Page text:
President Barack Obama won a clear political victory on Thursday when Republicans in the House of Representatives caved to demands by the President, congressional Democrats and fellow Republicans in the Senate for a short-term renewal of payroll tax cuts for all workers.
The payroll tax cut was the centrepiece of Mr. Obama’s three-month campaign-style drive for jobs legislation that seems to have contributed to an uptick in his poll numbers and taken a toll on those of congressional Republicans.
House Republicans were under fire from their constituents and Republican establishment figures incensed that they would risk losing the tax cut issue to Democrats at the dawn of the 2012 Presidential and congressional election year. House Republican arguments about the legislative process and the “uncertainty” a two-month extension would mean for business were unpersuasive.
After days of wrangling that even Republican House Speaker John Boehner acknowledged “may not have been politically the smartest thing in the world,” Mr. Boehner abruptly changed course and dropped demands for immediate holiday season talks with the Senate on a full-year measure that all sides said they want. Senate leaders had insisted on the two-month extension to buy time for talks next year.
The House and Senate plan to act on the two-month extension on Friday. The breakthrough almost certainly spares workers an average $20 a week tax increase on January 1.
The compromise legislation would renew the tax break through February 29. Its $33 billion cost would be covered by an increased fee on mortgages backed by the public-private entities Fannie Mae, and Freddie Mac.
“Because of this agreement, every working American will keep his or her tax cut - about $1,000 for the average family,” Obama said in a statement. “That’s about $40 in every paycheque. And when Congress returns, I urge them to keep working to reach an agreement that will extend this tax cut and unemployment insurance for all of 2012 without drama or delay.”
If the cuts had expired as scheduled, 160 million workers would have seen a 2 percentage point increase in their Social Security pension taxes. And up to 2 million people without jobs for six months would start losing unemployment benefits averaging $300 a week.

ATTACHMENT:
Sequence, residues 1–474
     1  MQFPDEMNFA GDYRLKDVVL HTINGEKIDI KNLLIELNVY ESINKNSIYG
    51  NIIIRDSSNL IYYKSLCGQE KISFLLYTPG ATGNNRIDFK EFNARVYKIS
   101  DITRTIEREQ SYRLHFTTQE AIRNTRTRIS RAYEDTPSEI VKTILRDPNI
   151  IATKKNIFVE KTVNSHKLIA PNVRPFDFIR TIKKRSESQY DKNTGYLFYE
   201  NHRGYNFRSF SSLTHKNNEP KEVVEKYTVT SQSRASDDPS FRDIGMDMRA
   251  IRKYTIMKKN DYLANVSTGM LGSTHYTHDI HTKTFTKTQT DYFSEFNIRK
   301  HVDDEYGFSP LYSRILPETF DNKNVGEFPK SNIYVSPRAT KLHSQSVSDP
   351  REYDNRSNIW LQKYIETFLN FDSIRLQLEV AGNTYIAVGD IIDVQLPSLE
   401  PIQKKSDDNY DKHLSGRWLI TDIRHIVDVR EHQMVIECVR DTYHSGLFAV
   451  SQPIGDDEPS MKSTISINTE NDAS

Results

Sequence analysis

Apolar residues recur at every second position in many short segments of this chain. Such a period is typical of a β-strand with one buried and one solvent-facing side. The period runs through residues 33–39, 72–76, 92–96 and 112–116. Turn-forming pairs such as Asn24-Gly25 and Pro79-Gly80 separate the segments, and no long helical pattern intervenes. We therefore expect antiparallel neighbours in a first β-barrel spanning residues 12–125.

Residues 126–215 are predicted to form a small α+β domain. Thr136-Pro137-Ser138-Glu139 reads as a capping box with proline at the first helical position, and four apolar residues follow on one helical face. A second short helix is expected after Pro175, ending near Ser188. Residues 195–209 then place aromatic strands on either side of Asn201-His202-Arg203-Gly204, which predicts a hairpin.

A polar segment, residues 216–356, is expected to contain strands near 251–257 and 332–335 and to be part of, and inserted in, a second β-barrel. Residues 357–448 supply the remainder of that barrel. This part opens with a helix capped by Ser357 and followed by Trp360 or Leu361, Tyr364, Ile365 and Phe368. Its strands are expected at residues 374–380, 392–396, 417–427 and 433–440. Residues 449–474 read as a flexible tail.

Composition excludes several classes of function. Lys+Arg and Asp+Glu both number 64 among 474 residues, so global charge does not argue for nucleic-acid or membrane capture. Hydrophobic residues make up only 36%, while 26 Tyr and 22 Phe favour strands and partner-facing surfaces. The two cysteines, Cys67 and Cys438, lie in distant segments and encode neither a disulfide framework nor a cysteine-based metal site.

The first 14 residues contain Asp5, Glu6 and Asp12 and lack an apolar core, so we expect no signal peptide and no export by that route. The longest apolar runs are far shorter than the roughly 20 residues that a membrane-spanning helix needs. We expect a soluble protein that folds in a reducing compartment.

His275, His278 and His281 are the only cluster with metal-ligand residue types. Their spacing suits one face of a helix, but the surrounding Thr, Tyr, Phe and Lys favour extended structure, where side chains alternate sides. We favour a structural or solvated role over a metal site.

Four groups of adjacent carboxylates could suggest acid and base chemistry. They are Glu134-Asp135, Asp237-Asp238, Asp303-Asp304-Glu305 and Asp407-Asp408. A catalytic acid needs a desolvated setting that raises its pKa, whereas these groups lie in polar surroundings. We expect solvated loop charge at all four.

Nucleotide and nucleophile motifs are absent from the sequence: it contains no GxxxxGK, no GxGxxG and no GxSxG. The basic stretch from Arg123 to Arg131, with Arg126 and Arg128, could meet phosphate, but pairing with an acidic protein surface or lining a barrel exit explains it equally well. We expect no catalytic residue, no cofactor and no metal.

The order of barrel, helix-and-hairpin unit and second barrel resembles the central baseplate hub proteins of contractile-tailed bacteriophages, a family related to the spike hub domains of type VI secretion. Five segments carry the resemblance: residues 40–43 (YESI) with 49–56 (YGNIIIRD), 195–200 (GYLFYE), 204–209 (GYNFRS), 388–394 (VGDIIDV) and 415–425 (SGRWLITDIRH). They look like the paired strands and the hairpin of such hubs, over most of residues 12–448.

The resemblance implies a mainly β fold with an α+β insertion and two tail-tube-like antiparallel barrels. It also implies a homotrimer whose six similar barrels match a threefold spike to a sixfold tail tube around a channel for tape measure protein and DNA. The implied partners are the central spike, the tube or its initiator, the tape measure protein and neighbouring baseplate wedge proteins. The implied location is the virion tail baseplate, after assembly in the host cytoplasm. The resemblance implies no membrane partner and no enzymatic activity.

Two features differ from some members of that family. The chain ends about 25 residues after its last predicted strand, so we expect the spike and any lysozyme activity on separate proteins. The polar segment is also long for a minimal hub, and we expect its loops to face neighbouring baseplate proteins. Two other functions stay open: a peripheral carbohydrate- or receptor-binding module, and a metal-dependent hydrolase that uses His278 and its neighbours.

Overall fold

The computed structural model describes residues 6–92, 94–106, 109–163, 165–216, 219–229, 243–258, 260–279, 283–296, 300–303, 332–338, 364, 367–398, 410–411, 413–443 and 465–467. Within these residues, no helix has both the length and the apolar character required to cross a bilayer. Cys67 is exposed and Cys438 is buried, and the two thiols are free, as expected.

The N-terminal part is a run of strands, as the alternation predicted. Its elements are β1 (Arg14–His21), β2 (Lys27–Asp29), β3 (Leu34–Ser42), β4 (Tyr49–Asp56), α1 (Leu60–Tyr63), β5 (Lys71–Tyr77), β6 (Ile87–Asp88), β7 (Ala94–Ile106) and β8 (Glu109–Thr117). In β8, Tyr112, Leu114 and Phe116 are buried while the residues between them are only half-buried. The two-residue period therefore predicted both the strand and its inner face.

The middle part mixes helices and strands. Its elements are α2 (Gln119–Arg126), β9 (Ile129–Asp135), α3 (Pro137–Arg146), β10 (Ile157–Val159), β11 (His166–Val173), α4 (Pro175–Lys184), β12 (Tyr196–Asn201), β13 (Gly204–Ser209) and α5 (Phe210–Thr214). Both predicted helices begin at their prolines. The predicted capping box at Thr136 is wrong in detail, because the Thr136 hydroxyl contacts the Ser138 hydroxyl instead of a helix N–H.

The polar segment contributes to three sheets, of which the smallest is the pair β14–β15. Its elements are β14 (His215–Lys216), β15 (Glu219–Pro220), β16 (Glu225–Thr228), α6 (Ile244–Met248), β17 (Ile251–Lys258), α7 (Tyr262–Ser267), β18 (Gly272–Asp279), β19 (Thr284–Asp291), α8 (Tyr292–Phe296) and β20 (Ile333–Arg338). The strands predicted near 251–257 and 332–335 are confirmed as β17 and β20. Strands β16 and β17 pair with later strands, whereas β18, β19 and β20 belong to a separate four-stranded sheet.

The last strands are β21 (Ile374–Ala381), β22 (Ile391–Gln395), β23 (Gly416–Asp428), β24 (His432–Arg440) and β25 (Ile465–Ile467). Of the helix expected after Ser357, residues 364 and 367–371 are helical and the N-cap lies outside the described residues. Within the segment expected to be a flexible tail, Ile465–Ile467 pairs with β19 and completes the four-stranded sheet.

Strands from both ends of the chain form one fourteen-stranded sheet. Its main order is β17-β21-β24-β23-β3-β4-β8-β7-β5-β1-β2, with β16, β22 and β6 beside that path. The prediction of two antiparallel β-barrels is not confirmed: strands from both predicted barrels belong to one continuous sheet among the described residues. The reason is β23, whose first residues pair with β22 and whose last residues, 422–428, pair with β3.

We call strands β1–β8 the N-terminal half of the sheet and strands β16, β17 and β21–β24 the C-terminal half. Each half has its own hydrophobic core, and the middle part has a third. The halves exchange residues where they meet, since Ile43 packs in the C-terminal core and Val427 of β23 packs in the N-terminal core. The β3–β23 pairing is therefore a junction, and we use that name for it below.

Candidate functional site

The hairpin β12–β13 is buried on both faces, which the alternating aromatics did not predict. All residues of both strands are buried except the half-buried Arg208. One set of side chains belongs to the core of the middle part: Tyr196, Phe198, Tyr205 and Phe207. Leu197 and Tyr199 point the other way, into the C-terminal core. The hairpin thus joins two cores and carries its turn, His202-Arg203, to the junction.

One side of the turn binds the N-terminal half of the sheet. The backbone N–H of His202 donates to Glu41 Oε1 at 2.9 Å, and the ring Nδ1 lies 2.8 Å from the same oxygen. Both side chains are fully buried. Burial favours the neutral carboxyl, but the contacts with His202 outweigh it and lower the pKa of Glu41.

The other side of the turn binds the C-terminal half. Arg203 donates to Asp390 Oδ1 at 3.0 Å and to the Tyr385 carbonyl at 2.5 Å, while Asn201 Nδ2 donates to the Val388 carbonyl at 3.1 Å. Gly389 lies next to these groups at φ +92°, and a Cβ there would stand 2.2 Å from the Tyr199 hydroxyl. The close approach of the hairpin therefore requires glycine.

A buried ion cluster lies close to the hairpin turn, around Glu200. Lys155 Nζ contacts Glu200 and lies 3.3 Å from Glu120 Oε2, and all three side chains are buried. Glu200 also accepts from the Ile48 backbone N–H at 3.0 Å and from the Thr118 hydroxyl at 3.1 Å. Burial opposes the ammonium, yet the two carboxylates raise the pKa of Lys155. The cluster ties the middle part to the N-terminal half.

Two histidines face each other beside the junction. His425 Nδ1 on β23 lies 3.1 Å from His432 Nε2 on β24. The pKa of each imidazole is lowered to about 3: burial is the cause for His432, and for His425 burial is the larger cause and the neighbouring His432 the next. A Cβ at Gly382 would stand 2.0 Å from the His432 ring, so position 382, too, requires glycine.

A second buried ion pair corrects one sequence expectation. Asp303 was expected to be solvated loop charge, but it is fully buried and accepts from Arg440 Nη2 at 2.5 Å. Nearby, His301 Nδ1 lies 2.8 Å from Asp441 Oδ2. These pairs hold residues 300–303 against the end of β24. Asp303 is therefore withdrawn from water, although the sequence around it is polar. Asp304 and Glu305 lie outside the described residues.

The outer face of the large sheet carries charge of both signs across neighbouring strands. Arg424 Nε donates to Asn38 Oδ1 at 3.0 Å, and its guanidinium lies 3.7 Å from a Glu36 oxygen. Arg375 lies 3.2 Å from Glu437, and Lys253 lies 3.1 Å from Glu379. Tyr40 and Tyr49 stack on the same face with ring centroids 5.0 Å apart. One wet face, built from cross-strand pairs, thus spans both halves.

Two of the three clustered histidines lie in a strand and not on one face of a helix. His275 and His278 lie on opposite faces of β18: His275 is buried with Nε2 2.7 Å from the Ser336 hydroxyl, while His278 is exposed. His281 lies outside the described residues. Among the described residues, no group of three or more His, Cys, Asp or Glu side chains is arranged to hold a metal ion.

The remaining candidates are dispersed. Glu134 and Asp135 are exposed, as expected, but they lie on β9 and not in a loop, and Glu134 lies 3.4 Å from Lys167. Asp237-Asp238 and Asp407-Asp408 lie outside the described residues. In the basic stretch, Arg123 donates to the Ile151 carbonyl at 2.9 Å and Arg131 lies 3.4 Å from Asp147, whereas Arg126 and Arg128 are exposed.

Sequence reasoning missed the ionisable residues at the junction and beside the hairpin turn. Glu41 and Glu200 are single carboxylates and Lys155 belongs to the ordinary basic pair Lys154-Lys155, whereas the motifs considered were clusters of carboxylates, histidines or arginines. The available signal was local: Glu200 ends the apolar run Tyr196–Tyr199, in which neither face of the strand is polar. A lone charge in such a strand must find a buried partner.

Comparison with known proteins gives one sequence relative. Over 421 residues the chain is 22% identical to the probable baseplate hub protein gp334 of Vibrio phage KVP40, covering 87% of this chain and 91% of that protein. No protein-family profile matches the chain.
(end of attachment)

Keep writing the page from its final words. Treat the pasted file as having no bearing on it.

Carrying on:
The Republican retreat ends a tense standoff in which Mr. Boehner’s House Republicans came under great pressure to agree to the short-term extension passed by the Senate on Saturday. The speaker was initially open to the idea, but rank-and-file Republicans revolted, and the House instead insisted on immediate talks on the year-long measure passed by the House, which contains curbs to unemployment insurance and other ideas backed by conservatives as well as deeper spending cuts to pay for the full-year cost.
After Senate leaders tried but failed to match the House’s goal for a full-year pact, the chamber on Saturday instead gave sweeping approval for the two-month extension of the payroll tax cut, jobless benefits and doctors’ Medicare fees that otherwise would have been cut 27 per cent. The House had just days before passed a full-year extension that included a series of conservative policy prescriptions unpalatable to Mr. Obama and congressional Democrats.
Mr. Obama, Republicans and congressional Democrats all said they preferred a one-year extension but the politics of achieving that eluded them. All pledged to start working on that in January.
Almost forgotten in the firestorm is that Republicans had extracted a major victory last week, winning a provision that would require Mr. Obama to make a swift decision on whether to approve construction of the Keystone XL oil pipeline, which would bring Canadian oil to the U.S. and create thousands of construction jobs. To block the pipeline, Mr. Obama would have to declare that is not in the nation’s interest.
Mr. Obama wanted to put the decision off until after the 2012 election.